The vocation of all saints

By Kathleen Staudt

Once again, teaching my class on the Call to Discipleship at Virginia Seminary’s Evening School, I am struck by the Reformers’ insight that vocation is actually where we experience the grace of God. Luther and Dietrich Bonhoeffer are clear on this: Our calling is the expression of God’s grace in our lives; obedience to God’s call is our faithful response to that grace – not something we have to earn or even fully understand, not even something that makes us “better people,” though technically it is what makes us “saints.” This is hard to grasp but it is a beautiful mystery. Vocation is ultimately less about “what shall I do with my life” than it is about “how shall I respond to the relationship with God that I’m already in, perhaps without knowing it? The stirrings and restlessness that come with that experience of call are really already responses to God’s grace, active in us and in our world and relationships. This is what makes reflection on vocation something different from simply career counseling or self-awareness, even though our feelings and yearnings about work and our understanding of our identity help us in discernment. But vocation is the good news that God invites us to participate in the divine work of transformation in the world. So our honest questions about where our real work and our real heart’s desire lies are a form of prayer, really, “responding to God,” as the prayer book has it.

These thoughts about the grace of call and vocation seem particularly appropriate to me as All Saints Day approaches, a day that used to strike me as one of our most “Catholic” celebrations in the Episcopal Church. My first invitation into the Episcopal Church, many years ago, came in a children’s sermon offered by the Rev. Robert Denig (later bishop of Western Massachusetts) at St. John’s, Northampton MA, where he invited the children, whenever they hear the communion prayers, to “remember the company” – the company of heaven who surround us and have gone before us. Raised as a Presbyterian with the concept of the Priesthood of All Believers, I found it a natural and beautiful transition to embrace this idea of the mystical body of the church and to understand participation in the life of the church as a calling for all God’s people, rooted in baptism. “The saints of God are just folk like me,” we sing in that silly and beloved hymn, “And I mean to be one, too.” And the grace of God makes that possible – as Luther and all the saints have known and taught.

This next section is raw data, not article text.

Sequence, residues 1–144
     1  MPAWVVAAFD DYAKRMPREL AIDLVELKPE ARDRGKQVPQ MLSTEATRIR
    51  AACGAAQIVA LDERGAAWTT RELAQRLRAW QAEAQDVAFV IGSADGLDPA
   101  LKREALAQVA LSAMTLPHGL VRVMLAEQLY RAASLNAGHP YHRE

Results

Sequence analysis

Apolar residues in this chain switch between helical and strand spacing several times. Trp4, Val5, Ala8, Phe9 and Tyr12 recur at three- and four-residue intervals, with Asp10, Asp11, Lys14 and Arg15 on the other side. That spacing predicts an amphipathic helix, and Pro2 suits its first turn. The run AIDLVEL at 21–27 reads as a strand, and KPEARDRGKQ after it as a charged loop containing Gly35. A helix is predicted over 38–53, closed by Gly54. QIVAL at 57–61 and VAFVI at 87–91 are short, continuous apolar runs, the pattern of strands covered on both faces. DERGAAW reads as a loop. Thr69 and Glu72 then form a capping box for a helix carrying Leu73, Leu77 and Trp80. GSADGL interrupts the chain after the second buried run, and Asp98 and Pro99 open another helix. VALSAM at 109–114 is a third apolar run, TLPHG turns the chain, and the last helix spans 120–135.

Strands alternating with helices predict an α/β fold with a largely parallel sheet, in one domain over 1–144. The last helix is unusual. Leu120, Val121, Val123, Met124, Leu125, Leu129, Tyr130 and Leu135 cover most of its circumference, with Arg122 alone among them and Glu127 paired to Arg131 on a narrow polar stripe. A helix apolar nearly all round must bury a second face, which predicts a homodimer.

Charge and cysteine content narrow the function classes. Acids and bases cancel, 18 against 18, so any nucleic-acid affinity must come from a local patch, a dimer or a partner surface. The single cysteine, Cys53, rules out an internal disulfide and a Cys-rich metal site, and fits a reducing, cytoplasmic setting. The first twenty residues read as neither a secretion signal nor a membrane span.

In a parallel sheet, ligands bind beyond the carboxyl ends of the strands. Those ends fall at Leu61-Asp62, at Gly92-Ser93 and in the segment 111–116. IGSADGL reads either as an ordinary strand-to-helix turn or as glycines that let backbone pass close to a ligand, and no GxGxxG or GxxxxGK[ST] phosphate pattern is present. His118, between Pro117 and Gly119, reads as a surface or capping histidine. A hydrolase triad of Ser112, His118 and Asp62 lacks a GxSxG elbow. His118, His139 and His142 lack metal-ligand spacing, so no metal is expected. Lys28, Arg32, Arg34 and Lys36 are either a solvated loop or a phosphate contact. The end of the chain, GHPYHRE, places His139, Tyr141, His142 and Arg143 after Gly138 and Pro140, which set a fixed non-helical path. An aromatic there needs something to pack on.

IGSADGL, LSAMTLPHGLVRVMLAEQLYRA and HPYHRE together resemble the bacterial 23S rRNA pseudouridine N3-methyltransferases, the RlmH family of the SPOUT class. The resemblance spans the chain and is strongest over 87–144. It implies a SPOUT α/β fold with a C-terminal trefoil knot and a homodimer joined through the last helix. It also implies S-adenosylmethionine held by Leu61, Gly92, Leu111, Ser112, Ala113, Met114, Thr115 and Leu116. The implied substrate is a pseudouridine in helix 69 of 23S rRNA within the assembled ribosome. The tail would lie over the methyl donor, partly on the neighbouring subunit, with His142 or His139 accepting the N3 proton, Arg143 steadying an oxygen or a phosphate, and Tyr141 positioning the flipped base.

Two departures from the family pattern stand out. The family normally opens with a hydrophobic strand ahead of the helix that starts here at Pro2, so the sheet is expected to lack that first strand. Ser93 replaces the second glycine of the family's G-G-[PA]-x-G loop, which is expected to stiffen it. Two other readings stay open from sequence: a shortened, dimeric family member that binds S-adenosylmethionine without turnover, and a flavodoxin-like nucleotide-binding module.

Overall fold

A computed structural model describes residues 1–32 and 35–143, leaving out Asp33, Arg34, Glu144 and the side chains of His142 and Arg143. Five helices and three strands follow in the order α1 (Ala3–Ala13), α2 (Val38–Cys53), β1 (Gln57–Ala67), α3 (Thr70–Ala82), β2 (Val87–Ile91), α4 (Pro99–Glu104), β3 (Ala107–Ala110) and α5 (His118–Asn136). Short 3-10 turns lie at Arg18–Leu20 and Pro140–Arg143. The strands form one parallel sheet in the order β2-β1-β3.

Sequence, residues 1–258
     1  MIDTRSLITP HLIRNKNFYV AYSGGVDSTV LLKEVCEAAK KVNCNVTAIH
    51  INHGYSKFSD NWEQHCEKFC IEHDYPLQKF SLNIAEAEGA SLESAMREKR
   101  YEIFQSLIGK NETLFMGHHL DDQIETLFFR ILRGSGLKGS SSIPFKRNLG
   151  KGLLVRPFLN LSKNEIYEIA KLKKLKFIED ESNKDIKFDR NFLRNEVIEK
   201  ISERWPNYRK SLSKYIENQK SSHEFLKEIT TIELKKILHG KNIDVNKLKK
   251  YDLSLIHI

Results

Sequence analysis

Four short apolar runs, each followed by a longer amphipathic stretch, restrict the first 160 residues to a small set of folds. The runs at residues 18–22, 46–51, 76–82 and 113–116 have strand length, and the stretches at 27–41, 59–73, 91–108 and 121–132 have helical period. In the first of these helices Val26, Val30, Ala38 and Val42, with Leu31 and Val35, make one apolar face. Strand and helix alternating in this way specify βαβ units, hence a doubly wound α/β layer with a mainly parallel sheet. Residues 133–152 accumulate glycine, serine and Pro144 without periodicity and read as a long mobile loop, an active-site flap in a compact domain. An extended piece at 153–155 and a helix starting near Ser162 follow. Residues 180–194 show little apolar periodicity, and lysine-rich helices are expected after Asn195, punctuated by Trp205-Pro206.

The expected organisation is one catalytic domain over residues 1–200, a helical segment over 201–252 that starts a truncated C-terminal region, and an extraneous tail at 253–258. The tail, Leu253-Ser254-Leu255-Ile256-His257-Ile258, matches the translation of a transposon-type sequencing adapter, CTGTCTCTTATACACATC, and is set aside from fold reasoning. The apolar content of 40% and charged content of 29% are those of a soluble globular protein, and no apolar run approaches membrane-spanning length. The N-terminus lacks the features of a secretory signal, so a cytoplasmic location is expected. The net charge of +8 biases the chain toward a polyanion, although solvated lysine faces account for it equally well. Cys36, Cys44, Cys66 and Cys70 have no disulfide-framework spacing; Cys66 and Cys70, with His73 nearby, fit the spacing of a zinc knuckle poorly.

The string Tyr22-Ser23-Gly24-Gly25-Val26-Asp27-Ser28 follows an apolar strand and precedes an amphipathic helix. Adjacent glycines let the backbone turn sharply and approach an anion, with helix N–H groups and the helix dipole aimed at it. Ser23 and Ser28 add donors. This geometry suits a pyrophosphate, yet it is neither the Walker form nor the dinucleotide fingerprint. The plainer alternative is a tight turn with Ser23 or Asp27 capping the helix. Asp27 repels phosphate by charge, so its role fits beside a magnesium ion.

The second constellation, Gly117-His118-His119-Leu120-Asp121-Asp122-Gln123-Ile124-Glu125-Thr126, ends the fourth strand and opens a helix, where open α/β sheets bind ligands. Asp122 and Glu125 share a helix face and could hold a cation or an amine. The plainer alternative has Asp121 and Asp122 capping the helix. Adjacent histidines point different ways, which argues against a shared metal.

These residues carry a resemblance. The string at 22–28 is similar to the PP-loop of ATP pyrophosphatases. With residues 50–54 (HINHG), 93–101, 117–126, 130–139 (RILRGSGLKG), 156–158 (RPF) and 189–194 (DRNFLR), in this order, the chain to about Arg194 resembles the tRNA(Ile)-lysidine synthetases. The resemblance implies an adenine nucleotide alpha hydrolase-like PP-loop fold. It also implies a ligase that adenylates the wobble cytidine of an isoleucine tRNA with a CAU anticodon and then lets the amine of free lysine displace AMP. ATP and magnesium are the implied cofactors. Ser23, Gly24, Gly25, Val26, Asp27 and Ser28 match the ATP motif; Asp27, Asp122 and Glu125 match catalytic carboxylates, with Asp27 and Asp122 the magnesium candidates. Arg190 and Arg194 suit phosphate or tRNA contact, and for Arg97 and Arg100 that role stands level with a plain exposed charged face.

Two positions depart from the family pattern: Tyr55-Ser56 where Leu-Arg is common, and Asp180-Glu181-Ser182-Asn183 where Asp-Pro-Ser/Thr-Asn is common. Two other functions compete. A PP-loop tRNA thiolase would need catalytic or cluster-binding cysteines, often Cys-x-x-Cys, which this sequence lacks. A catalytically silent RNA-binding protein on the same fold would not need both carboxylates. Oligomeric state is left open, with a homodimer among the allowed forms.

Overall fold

There are several different emphases in our celebrations of All Saints Day. Often we combine All Saints and All Souls, and/or the “dia de los muertos,” praying for the faithful departed and loved ones, and embracing the hope of eternal life that is implicit in the idea of the Communion of Saints. I suppose that’s the “catholic” dimension of our Anglican tradition. But it’s also appropriate that the BCP calls for baptisms to happen on All Saints Day, because that stresses the Reformers’ emphasis on God’s grace expressed in our baptismal identity and calling us, right from that moment onwards, to faithful discipleship and membership in Christ’s “eternal priesthood.” It seems to me to be a day when we celebrate the experience of vocation as the center of our relationship to God, regardless of the particular callings that we discern.

“They loved their Lord so dear. . . and His love made them strong.” What the “saints of the Church” know, and what they show us, is that God is active in human affairs and that we come to know God as we discern the divine invitation, always there, to participate in what God is already doing. Baptism begins a life of companionship with those who have known and know this, a life that goes on beyond the boundaries of life and death, but begins here and now, each moment that we say “yes” to this call to participation, to faithful discipleship empowered by grace. This opportunity for recommitment, together with the celebration of the Mystical Body, continue to make All Saints Day a highlight of the church year for me.

Dr. Kathleen Henderson Staudt (Kathy) keeps the blog poetproph, works as a teacher, poet, spiritual director and retreat leader in the Washington DC area, and teaches courses in literature, theology and writing at Virginia Theological Seminary and the University of Maryland, College Park.

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